Should I learn coding before going into a Computer Science degree?

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Zappluger
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Growing up I focused on Academics rather than pursuing coding. It's something I kind of regret. I've been interested in the integration of Neuroscience/Bioinformatics and Artificial Intelligence for a while now and so decided to apply for a Computer Science degree at university. I have a decent stretch of time avaliable to me now that I have finished my alevels, and so should I attempt to learn coding before I start my course? I'm applying for Warwick and I believe they focus on Java. Apparently they teach you this from the ground up. Would my time be better spent reading around the subject or doing coding? Thanks =)
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Cranfield University
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(Original post by Zappluger)
Growing up I focused on Academics rather than pursuing coding. It's something I kind of regret. I've been interested in the integration of Neuroscience/Bioinformatics and Artificial Intelligence for a while now and so decided to apply for a Computer Science degree at university. I have a decent stretch of time avaliable to me now that I have finished my alevels, and so should I attempt to learn coding before I start my course? I'm applying for Warwick and I believe they focus on Java. Apparently they teach you this from the ground up. Would my time be better spent reading around the subject or doing coding? Thanks =)
Hi Zappluger 😊

I have some bioinformatics experience, and computational biology, so I’ll speak from my own perspective here!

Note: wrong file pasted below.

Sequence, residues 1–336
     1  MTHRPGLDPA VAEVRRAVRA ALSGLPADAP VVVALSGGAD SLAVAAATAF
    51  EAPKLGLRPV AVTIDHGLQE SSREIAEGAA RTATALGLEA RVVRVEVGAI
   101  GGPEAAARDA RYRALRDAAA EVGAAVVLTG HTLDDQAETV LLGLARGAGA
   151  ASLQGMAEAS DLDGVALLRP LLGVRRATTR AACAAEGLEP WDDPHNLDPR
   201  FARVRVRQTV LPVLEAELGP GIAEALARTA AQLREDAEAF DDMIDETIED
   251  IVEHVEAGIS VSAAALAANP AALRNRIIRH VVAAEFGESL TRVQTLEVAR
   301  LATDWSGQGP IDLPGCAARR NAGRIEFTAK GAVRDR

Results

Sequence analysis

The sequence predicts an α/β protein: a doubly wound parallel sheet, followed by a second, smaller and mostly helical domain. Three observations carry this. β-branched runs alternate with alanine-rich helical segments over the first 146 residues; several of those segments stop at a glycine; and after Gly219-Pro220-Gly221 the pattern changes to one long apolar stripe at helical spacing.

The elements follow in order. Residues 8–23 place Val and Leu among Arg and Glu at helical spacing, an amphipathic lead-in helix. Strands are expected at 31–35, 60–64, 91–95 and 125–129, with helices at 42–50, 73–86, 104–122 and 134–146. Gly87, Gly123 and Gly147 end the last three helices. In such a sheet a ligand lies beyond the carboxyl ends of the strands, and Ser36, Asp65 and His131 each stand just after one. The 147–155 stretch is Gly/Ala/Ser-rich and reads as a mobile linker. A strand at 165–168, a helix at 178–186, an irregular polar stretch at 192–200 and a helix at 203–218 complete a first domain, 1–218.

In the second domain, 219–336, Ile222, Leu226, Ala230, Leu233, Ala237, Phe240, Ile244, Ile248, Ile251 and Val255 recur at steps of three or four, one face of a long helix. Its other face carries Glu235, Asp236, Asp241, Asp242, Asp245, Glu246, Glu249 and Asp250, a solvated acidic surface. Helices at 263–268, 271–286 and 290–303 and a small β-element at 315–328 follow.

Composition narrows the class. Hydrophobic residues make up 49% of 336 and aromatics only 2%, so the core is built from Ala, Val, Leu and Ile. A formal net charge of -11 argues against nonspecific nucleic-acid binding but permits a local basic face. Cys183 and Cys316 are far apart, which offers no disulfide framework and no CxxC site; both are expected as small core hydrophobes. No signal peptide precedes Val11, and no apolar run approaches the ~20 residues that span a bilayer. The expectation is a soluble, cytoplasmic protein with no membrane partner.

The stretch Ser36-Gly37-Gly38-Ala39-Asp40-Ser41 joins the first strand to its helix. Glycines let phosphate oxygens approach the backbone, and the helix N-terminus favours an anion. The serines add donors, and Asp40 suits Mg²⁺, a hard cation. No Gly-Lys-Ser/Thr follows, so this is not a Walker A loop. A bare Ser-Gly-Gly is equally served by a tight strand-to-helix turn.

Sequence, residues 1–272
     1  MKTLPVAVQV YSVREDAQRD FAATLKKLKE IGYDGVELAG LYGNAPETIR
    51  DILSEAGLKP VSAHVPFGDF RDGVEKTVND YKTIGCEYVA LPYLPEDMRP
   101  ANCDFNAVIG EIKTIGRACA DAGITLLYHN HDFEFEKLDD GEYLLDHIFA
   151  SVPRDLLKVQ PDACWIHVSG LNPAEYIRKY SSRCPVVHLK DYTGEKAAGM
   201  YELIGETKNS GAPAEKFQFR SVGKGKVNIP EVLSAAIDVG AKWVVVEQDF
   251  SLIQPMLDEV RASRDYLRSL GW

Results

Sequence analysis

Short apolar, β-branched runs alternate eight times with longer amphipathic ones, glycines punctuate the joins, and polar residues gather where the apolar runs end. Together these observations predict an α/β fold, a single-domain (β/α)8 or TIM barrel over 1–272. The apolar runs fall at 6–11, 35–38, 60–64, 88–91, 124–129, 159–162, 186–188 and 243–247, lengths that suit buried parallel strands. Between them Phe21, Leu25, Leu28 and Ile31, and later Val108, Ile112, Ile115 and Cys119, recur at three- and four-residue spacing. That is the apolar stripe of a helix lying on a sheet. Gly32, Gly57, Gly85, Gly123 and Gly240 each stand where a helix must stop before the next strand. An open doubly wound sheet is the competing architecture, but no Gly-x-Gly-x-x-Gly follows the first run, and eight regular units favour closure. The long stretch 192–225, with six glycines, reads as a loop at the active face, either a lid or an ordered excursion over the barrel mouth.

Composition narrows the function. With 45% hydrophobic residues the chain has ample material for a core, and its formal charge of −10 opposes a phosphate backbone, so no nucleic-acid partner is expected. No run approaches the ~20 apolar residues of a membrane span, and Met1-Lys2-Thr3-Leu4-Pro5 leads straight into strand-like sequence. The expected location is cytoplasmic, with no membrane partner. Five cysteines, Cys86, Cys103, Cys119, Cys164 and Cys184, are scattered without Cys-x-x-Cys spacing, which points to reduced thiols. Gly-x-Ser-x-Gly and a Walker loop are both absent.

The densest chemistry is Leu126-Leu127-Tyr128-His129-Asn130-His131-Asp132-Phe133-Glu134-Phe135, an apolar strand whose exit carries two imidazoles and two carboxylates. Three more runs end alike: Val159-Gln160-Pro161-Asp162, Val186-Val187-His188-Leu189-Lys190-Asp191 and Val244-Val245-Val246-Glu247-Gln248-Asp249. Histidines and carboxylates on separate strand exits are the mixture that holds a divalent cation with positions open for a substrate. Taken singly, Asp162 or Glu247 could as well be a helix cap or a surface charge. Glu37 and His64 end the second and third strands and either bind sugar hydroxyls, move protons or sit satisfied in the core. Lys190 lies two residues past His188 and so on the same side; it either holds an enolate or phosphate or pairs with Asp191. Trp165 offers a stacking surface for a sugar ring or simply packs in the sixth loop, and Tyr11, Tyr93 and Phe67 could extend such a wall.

The first coding language you learn is always the most difficult. It took me a bit of time to understand how to write so a computer would understand it, to find the places that generally have the answers. So if you teach yourself, even if you’re not an expert in the language you teach yourself, or you’re not learning the same skills or tasks that you will in your course, that’s still a huge advantage!
Personally, I’m not a huge fan of working through java (because of how the language works, you have to do a lot more typing than in other languages, so for me that means a lot more typos!) but you can choose to start with that if it’s what your course uses most.
It is a good idea to start with a very popular language (like java and python) simply because there are so many more video tutorials, online help pages, and answers to common problems for these.

What I would recommend is finding a good course online that can guide you through the starting steps. LinkedIn learning has many of these, including java, which I have free access to through my uni (Cranfield). If you can get a free trial for this, I think they were great, but I’m sure youtube has many video series that are just as good!

What EVERYONE needs is stack overflow!
https://stackoverflow.com/
This is the best place to look if you have problems, errors, or just can’t make sense of things (which happens to everyone at some point). Trust me when I say this will be your best friend through your degree, and as long as you keep coding after that!

As for if this is necessary, it shouldn’t be. If the course website says they will teach you from the basics, then they should. However, as you have an interest in this, if you have a free few hours, on a weekend or in the evenings, it will greatly help you at the start of your course (when you might prefer to grab a drink and get to know your classmates rather than going home to practice your coding). But if you have a job, family, other responsibilities, and can’t spare that time, don’t sweat it!

Good luck with your degree!
Ciara
2nd year Agrifood PhD student
Cranfield Student Ambassador
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davejo
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it's up to you. I started learning web development, I found full stack course here https://goit.global/us/courses/fullstack/, they provide theorethical and practical knowledge, we started learning HTML + CSS right now. With this course I can easily combine my day job and study. That's convy. Hope in 10 months I'll find my first job in iT.
Last edited by davejo; 3 weeks ago
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